Morehead City church receives grant for electric vehicle charging station

Electric vehicles line up at a charging station in this undated photo. Unitarian Coastal Fellowship in Morehead City received a grant to establish a charging station at the church at 2900 Bridges St. (N.C. Department of Environmental Quality photo)

MOREHEAD CITY — A church in Morehead City was selected as one of the recipients of a statewide grant to establish an onsite electric vehicle charging station.

Unitarian Coastal Fellowship, at 2900 Bridges St., received the grant from the N.C. Volkswagen Settlement Program, administered through the N.C. Department of Environmental Quality. The VW Settlement Program is the result of an agreement between German auto manufacturer Volkswagen and the U.S. Department of Justice, on behalf of the U.S. Environmental Protection Agency, that was set up in the wake of Volkswagen violating federal clean air standards regarding vehicle emissions.

To manage North Carolina’s share of the settlement, totaling more than $30 million, NCDEQ outlined a three-phased plan using the funds for a variety of mitigation projects aimed at reducing harmful vehicle emissions. The department set aside around $1.15 million for the first phase of a program to establish Level 2 electric vehicle charging stations throughout the state.

UCF was one of 29 recipients in the latest round of awards for the Level 2 charging station projects. According to NCDEQ, the church will set up a charging station with two ports with a total capacity of 7.2 kW.

Harriet Altman, who serves on the UCF Green Sanctuary Committee, helped lead the effort to apply for the grant. She said the funds – $8,000 total – should cover the majority of costs associated with purchasing and setting up the charging station. The station will be installed outside a new fellowship hall the church is constructing that should be complete by late summer or early fall.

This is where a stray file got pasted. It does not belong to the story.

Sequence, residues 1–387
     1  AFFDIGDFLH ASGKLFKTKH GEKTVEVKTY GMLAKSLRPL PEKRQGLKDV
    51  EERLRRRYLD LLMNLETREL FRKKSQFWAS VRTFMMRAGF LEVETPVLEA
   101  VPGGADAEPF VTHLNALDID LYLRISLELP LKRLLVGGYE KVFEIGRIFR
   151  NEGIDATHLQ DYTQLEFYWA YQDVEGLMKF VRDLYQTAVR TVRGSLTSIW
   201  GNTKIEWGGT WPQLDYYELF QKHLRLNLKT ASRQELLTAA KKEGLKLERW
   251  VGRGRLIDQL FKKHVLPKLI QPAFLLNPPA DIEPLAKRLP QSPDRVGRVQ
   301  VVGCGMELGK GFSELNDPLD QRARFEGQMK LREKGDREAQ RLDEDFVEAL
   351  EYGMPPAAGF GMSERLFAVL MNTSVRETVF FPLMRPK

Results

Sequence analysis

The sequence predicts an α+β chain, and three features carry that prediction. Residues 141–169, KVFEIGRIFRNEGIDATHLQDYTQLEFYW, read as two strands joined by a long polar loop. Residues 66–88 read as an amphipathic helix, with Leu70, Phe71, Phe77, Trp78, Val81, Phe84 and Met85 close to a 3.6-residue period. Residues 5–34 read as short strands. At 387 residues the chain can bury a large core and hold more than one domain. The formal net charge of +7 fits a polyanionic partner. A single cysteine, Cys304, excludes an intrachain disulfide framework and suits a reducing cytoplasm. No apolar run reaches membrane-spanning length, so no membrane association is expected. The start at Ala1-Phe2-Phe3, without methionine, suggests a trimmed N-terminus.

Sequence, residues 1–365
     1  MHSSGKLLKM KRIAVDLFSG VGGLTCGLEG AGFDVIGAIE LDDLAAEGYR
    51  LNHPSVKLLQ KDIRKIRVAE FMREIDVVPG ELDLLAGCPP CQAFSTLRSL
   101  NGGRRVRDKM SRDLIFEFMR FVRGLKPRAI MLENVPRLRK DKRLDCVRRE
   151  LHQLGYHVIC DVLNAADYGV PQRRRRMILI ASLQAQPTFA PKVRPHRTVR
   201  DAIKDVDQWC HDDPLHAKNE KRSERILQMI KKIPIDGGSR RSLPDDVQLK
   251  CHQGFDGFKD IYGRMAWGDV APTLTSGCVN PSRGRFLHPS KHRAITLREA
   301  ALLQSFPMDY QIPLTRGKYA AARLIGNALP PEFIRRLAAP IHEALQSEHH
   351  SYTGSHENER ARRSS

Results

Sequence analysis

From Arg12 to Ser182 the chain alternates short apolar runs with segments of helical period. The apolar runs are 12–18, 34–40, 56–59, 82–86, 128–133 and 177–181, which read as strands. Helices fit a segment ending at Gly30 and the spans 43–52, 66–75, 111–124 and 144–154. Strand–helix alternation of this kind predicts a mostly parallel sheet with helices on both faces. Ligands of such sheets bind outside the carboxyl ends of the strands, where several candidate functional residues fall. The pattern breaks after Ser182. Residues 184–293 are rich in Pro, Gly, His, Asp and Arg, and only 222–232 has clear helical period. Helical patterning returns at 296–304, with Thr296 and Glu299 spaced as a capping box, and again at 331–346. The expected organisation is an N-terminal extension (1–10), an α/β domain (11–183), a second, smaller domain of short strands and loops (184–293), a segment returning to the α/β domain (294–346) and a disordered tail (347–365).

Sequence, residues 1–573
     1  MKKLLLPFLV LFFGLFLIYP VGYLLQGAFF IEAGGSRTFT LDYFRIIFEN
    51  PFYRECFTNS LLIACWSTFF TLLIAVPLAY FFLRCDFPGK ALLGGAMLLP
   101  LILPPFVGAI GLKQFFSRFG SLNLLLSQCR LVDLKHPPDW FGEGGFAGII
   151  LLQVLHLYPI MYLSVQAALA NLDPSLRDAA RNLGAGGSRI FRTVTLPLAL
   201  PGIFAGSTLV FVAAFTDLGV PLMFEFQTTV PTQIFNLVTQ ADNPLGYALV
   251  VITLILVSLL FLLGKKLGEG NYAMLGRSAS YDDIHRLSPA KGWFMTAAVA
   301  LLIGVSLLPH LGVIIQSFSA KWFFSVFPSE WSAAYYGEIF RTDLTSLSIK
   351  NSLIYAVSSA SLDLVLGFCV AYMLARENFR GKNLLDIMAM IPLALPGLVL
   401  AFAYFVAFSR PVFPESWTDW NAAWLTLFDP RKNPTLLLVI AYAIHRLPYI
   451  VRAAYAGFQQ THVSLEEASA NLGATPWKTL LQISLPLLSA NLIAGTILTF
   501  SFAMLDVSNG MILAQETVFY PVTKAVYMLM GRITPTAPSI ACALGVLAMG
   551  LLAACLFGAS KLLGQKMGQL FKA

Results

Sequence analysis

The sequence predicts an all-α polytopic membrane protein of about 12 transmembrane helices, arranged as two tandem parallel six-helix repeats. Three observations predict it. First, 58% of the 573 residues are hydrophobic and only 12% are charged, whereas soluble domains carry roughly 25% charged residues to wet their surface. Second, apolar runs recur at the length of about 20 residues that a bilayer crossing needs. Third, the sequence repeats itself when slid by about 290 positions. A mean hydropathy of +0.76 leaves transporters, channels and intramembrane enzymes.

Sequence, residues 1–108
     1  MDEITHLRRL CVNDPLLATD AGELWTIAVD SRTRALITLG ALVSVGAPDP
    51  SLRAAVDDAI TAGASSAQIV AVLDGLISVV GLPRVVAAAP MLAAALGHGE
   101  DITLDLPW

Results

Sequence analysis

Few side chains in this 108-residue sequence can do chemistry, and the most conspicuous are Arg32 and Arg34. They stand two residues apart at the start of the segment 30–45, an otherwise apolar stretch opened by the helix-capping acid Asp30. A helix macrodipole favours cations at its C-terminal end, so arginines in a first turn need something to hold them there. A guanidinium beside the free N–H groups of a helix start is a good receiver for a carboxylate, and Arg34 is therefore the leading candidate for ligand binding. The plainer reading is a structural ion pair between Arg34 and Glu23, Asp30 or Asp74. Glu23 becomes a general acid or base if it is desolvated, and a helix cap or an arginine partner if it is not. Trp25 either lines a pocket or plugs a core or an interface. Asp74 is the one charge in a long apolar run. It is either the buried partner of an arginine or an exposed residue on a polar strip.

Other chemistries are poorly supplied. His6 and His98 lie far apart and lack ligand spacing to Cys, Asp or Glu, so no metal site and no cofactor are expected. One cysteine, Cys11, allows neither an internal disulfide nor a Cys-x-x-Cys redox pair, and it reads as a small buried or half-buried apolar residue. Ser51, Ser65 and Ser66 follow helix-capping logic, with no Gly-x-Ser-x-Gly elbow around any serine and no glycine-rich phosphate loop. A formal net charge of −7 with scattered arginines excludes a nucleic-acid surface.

“One of our biggest missions is to be as environmentally sustainable as possible, and we thought this fit well in that mission,” she said. 

Once it’s built, the charging station will be available for use by the general public, which was one of the requirements to receive the grant. Ms. Altman said she hopes the location of the church at a busy intersection of Bridges Street helps increase visibility for the charging station and make a statement about UCF’s stance on the environment.

Penny Hooper, who also serves on the green sanctuary committee, said UCF plans to eventually install solar panels on the roof of its new fellowship hall, as well.

“Our goal is to show our care for God's creations by actions that will reduce our Carbon footprint,” Ms. Hooper said in an email to the News-Times Monday. “We recognize that there will be a rapid move to electric vehicles by 2030 to fight climate change and we want to support that action.”

UCF is the only site in Carteret County, so far, to be awarded a grant through the VW Settlement Program.

To date, NCDEQ has awarded $918,000 in funding for 59 projects out of $1.1 million available for phase one of the program, which includes $496,000 awarded in the most recent round of grant awards. NCDEQ plans on awarding more grants in a second phase of the project but has not yet released information about when the second phase will commence.

Other projects in phase one include $12.2 million for school bus replacements, $6.1 million for transit bus replacements and $4.2 million for on-road heavy duty equipment, including refuse haulers, dump trucks and debris trucks.

 

Contact Elise Clouser at elise@thenewstimes.com; by phone at 252-726-7081 ext. 229; or follow on Twitter @eliseccnt.

(1) comment

mary wenzel

Excellent!

UCF members are leaders wherever they reside!

Welcome to the discussion.

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